The term 'dilutables' includes squashes, cordials, powders and other concentrates that require dilution to taste by consumers.

The category has the third largest share of overall UK soft drink consumption. The main reason for the popularity of dilutables is that they offer low cost, easy to use and reliable stand-by products.

Low/no-calorie variants dominate the category (89.3% share of the market in 2019), providing lower calorie refreshment for adults and children alike. A number of retailers and major brands no longer sell a regular variant in their core squash range.

Dilutable products are sold in concentrate form and are then mixed with water for consumption. Historically the dilution rate was four parts water to one part concentrate, but half of the market is now ‘double concentrates’ or products that can be diluted 9 parts water to 1 part concentrate.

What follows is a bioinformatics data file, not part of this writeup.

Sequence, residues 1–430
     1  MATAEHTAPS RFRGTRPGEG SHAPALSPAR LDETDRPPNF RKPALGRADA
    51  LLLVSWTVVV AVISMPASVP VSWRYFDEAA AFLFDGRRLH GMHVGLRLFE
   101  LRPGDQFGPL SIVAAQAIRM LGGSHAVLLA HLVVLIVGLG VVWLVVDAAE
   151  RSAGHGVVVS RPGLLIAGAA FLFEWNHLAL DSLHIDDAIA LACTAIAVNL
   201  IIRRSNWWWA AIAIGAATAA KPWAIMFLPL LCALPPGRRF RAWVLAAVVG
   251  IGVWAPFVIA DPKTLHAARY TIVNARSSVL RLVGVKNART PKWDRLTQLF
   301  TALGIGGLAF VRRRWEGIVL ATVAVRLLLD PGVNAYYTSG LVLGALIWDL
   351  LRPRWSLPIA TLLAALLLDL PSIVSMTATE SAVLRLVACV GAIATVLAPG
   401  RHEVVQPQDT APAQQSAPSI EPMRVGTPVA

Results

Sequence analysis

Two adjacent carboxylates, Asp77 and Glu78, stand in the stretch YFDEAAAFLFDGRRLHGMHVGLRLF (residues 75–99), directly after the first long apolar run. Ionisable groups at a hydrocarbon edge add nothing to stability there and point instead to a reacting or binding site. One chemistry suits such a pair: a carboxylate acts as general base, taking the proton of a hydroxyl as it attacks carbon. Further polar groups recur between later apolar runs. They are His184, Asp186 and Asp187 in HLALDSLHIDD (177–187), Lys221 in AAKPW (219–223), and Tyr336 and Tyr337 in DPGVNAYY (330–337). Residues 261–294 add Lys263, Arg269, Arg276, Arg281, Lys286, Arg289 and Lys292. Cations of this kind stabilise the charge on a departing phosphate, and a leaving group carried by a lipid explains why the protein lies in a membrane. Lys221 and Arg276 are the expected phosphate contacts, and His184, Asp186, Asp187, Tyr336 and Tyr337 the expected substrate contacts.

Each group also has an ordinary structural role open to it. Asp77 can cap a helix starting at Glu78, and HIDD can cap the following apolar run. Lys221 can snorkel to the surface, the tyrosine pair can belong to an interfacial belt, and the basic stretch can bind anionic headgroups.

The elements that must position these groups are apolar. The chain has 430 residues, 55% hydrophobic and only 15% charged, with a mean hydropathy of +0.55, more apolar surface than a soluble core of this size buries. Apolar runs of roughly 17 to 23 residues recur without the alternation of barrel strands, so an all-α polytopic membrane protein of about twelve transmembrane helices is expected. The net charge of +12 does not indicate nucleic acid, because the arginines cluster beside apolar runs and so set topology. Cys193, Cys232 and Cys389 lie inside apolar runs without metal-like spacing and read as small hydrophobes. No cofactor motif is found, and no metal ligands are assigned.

The most recent innovations in this sector are the super concentrates which are diluted 1 part concentrate with around 80 parts water.

The most popular dilutable flavour is orange with a 33.8% share of the UK market followed by blends, apple, blackcurrant, and lemon/lime flavours.

The category has broadened to include premium products, tapping into a consumer demand for natural ‘healthy’ ingredients. These products have more adult flavours such as raspberry, elderflower and pomegranate.


What does ‘no added sugar’ mean ?

No added sugar (NAS) means that sugars have not been added to the product. Any sugars present in the product are due to naturally occurring sugars in the fruit ingredients.

Why do dilutables contain preservatives?

Dilutables that are stored ambient after opening need to be preserved to stop spoilage.

Dilutables calorie split, 2019

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